In Peninsular Malaysia, only Wuchereria bancrofti and Brugia malayi are reported to cause human filariasis. Brugia pahangi infects many of the same animal hosts as the zoonotically transmitted subperiodic B. malayi. There is a well-recognized need for improved diagnostic techniques for lymphatic filariasis. Parasite antigen detection is a promising new approach, and it will probably prove to be more sensitive and specific than clinical, microscopic and antibody-based serological methods. We recently generated monoclonal antibodies (MAb XC3) from in vitro culture products of adult B. pahangi (B.p. IVP). Filarial antigenemia was quantitated in various hosts including the sera from 6 Malaysian Aborigines with acute lymphatic filariasis. In hosts infected with brugian filariasis and dirofilariasis, antigenemia was scored ranging from 90 ng/ml to 960 ng/ml. None of the control animal and human sera had antigenemia above 90 ng/ml. In addition, MAb XC3 and B.p. IVP were applied in several seroepidemiological surveys among household cats in Kuala Selangor in order to correlate information gathered for future studies of possible cases of human infection. Out of the 81 cats surveyed, 10 (12.35%) and 5 (6.17%) were parasitologically positive for B. pahangi and B. malayi, respectively. However, 21 (25.92%) were antigenemia positive when serologically investigated with MAb XC3. Antifilarial antibodies to B.p. IVP by direct ELISA showed very high cross-reactivity with non-filarial gut worm infections. 16 (19.75%) cats had reciprocal titers ranging from 320 to 2,560. Only 1 (1.23%) cat from this group was antigenemic.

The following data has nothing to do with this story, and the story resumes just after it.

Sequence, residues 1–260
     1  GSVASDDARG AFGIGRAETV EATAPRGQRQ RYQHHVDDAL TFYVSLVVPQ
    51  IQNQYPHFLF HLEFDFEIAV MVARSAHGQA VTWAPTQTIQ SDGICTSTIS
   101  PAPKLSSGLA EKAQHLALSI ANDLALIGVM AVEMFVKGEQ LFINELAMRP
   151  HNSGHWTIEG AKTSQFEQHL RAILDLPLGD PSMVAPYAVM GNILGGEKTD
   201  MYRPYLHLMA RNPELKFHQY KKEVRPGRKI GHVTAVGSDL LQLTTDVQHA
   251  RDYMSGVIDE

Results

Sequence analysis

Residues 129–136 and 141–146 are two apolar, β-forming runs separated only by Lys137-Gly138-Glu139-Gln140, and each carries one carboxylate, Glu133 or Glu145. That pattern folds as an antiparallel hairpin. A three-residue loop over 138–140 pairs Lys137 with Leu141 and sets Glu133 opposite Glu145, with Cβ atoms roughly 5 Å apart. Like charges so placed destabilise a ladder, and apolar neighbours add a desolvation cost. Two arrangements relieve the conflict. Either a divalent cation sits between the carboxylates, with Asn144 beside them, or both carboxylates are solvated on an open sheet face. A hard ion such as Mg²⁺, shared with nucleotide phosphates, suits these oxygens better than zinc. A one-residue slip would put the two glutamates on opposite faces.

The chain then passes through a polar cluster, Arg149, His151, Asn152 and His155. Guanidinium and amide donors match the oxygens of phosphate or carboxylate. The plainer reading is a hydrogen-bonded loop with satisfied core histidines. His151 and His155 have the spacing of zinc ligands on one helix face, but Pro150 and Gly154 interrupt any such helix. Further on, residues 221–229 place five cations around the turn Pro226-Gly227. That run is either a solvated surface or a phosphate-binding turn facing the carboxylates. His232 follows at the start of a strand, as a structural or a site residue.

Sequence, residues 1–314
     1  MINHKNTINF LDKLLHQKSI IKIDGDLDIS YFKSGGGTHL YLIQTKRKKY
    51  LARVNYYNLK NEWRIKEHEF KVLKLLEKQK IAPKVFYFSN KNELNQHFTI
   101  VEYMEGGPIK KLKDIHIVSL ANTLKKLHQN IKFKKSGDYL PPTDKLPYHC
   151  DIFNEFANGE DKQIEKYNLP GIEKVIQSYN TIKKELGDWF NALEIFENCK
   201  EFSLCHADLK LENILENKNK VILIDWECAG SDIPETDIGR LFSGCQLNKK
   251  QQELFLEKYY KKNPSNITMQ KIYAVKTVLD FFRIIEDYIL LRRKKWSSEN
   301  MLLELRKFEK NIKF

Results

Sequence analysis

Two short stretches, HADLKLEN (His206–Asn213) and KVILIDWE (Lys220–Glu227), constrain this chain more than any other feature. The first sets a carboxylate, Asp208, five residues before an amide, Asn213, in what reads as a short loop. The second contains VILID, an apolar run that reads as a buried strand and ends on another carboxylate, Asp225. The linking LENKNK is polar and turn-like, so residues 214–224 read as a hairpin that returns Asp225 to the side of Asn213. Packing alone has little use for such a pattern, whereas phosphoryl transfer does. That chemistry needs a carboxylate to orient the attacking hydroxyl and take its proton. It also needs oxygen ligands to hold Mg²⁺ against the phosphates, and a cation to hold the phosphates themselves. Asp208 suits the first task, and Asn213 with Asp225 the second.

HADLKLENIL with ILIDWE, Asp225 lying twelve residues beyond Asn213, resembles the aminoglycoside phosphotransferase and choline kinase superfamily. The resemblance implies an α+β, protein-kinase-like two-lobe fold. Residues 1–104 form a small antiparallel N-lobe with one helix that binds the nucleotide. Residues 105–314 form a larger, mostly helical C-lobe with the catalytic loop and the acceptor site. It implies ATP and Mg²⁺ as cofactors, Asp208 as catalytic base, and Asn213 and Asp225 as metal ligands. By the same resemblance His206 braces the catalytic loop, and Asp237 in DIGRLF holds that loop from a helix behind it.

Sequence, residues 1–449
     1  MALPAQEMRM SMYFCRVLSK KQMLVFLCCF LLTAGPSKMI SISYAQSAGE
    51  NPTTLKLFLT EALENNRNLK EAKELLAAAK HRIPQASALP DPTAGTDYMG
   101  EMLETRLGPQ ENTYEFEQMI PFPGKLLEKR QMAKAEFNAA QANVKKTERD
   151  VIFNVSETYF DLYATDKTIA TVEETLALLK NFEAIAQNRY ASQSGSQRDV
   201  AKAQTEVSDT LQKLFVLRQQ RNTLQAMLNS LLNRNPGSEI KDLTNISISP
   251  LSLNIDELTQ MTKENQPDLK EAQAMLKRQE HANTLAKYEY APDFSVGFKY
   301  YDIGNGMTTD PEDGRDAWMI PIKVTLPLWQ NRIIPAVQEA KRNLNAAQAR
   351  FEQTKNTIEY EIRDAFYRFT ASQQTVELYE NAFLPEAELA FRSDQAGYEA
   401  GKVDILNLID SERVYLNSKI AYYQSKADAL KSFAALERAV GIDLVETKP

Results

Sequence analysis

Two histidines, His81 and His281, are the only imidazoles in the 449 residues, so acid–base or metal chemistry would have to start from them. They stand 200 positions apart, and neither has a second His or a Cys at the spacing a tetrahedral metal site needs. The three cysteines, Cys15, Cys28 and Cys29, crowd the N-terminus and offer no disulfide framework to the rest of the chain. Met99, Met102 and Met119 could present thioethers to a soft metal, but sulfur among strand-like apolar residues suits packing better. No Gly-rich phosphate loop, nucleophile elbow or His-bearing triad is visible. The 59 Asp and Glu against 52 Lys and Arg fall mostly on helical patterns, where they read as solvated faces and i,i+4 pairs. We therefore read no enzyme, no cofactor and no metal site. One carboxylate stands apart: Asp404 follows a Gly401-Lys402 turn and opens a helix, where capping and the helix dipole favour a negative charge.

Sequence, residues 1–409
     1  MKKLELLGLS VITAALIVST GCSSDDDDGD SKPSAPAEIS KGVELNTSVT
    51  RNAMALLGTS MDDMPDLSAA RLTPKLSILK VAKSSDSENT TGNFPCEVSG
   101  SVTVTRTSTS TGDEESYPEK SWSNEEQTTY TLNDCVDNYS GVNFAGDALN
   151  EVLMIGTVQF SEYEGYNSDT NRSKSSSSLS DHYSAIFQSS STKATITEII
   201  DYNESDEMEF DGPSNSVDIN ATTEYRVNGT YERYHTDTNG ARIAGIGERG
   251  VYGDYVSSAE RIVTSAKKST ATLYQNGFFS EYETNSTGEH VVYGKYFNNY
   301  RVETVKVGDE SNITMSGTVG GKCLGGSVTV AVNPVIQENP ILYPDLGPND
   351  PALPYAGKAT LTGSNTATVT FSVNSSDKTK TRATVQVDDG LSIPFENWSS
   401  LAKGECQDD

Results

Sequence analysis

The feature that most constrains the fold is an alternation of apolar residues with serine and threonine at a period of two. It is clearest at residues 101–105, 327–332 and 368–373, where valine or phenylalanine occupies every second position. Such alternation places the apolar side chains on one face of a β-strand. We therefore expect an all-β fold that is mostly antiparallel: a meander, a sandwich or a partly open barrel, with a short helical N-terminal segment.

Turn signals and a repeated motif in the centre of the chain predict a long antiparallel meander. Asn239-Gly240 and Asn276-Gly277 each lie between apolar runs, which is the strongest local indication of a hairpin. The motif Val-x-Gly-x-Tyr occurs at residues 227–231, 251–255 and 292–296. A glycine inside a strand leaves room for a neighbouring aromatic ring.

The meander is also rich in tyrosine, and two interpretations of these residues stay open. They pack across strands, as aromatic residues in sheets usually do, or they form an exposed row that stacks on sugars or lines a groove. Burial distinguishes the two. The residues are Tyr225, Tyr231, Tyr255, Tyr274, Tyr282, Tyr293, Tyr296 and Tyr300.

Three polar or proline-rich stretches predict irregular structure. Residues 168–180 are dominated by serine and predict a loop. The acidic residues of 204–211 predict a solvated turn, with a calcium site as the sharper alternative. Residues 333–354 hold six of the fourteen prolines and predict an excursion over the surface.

* Title and MeSH Headings from MEDLINE®/PubMed®, a database of the U.S. National Library of Medicine.